Rubella (German measles) is an infectious disease that is caused by a virus. It can cause a high temperature (fever) of 38C (100.4F) or over, and a distinctive red-pink rash. In most cases, rubella is a mild condition, but it can be serious in pregnant women because it can harm the unborn baby.
The rubella virus is passed on through droplets in the air from the coughs and sneezes of infected people, and it is about as infectious as flu. Anyone can get rubella, but young children are most commonly affected.
Rubella is a notifiable disease under the Public Health (Infectious Diseases) Regulations 1988. This means that any doctor who diagnoses the infection must, by law, inform the local authority. This is to identify the source of the rubella infection and stop it spreading.
In 2008, there were approximately 27 laboratory confirmed cases of rubella in England and Wales.
Congenital rubella syndrome
Very rarely, a pregnant woman can catch rubella and pass it to her unborn baby. This is called congenital rubella syndrome (CRS). In 2005 (the latest year with available figures) there were four cases of pregnant women catching rubella in the UK.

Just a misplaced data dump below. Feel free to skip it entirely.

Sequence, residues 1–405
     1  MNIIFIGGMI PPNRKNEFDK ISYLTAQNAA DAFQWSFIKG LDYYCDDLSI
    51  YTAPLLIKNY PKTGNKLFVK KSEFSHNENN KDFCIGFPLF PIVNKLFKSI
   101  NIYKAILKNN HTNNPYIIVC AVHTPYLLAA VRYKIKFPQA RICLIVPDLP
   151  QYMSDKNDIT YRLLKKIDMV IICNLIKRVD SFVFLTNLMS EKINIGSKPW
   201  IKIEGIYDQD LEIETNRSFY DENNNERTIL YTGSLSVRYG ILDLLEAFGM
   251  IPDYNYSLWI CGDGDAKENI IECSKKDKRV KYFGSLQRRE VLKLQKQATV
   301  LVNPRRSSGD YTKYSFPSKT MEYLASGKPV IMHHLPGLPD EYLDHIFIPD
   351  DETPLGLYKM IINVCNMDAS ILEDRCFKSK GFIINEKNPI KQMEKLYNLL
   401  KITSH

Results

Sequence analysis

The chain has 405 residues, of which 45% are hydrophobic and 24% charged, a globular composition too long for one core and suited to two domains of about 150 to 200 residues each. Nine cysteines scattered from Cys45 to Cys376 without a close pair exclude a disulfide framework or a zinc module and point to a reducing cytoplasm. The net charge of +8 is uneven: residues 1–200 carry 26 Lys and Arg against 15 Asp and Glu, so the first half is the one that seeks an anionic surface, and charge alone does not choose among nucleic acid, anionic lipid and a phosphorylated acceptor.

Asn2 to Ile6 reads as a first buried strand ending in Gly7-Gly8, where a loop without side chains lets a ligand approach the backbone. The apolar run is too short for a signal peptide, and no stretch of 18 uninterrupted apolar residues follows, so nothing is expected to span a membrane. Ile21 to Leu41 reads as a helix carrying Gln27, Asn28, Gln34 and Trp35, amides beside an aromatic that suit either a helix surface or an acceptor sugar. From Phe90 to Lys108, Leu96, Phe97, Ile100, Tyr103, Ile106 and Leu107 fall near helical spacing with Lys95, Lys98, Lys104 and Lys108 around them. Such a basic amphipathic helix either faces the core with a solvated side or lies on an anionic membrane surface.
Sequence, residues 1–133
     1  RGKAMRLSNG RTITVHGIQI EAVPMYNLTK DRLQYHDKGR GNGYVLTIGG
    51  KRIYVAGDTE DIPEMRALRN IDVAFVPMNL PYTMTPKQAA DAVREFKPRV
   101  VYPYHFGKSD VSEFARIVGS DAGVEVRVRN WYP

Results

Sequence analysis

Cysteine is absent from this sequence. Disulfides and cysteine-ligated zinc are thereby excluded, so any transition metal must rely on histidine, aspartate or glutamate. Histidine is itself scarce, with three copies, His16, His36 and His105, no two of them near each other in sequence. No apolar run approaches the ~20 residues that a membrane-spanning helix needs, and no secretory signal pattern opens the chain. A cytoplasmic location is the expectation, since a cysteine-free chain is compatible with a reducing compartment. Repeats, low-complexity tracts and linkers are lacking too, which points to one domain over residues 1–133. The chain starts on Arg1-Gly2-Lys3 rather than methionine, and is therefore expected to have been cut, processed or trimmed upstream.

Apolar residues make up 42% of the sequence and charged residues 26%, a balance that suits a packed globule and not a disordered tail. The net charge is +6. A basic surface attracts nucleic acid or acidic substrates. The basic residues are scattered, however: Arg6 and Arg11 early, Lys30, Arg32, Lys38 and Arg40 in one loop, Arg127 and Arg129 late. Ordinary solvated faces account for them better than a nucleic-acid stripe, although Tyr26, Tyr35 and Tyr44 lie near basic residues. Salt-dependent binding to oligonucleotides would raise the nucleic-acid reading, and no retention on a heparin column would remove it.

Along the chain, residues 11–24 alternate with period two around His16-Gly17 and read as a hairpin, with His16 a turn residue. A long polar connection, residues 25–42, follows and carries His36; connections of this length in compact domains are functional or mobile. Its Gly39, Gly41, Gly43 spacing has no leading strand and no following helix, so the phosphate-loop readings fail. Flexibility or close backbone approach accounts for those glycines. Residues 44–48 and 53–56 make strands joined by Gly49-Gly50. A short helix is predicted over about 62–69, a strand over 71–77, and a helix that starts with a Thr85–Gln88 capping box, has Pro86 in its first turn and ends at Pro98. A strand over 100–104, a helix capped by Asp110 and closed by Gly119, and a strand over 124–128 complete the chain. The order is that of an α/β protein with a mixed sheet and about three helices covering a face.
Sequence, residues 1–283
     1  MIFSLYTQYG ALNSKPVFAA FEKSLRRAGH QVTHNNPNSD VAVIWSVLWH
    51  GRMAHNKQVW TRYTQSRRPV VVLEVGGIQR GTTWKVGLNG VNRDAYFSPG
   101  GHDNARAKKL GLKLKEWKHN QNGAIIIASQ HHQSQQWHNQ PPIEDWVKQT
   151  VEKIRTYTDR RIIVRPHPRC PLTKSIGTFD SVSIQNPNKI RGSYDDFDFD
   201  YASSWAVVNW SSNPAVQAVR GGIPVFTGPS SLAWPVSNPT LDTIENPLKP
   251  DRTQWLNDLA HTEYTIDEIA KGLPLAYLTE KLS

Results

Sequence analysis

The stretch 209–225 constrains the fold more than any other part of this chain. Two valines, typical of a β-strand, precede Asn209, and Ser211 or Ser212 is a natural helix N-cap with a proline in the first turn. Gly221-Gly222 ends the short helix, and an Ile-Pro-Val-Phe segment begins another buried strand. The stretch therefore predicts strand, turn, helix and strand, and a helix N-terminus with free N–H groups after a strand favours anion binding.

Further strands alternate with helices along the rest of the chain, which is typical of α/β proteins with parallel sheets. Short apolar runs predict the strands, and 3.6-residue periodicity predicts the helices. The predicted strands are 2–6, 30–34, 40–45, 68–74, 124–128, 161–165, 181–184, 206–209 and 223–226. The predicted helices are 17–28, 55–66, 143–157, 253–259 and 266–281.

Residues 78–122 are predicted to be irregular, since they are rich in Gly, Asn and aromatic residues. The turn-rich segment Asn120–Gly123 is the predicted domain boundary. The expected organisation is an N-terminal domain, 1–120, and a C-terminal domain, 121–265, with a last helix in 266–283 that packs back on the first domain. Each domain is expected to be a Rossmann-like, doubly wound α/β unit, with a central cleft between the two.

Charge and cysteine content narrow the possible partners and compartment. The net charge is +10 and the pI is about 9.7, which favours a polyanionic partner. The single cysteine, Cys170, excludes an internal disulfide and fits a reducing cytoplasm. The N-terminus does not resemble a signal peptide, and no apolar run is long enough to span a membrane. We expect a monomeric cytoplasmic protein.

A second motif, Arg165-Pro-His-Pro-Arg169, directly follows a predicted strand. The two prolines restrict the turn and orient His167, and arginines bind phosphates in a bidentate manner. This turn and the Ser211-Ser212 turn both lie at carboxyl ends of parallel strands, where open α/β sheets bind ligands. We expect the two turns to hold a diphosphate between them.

If rubella is caught within the first three months of the pregnancy, it can cause damage in 90% of unborn babies, including:
- eye problems, such as cataracts (cloudy patches on the lens of the eye),
- heart abnormalities, and
- brain damage.
It is possible to be immunised against rubella. The vaccine is offered to all children as part of the measles, mumps and rubella (MMR) immunisation programme, which was introduced in 1988. Between 1982 and 1988, rubella caused serious birth defects in 43 babies. However, following the introduction of the MMR vaccine, rubella has now almost been wiped out.
The British Medical Association (BMA), Department of Health (DH), and World Health Organisation (WHO) recommend that all children should have the MMR vaccine. It is very important that everyone is immune to the virus so that serious health problems are not caused by an outbreak of mumps, measles, or rubella.
A fever is when you have a high body temperature (over 38C or 100.4F).
MMR stands for measles, mumps and rubella. It's a vaccine that prevents measles, mumps and rubella by making the body produce antibodies to fight off the viruses.
Vaccination or immunisation is usually given by an injection that makes the body's immune system produce antibodies that will fight off a virus.
A disease is an illness or condition that interferes with normal body functions.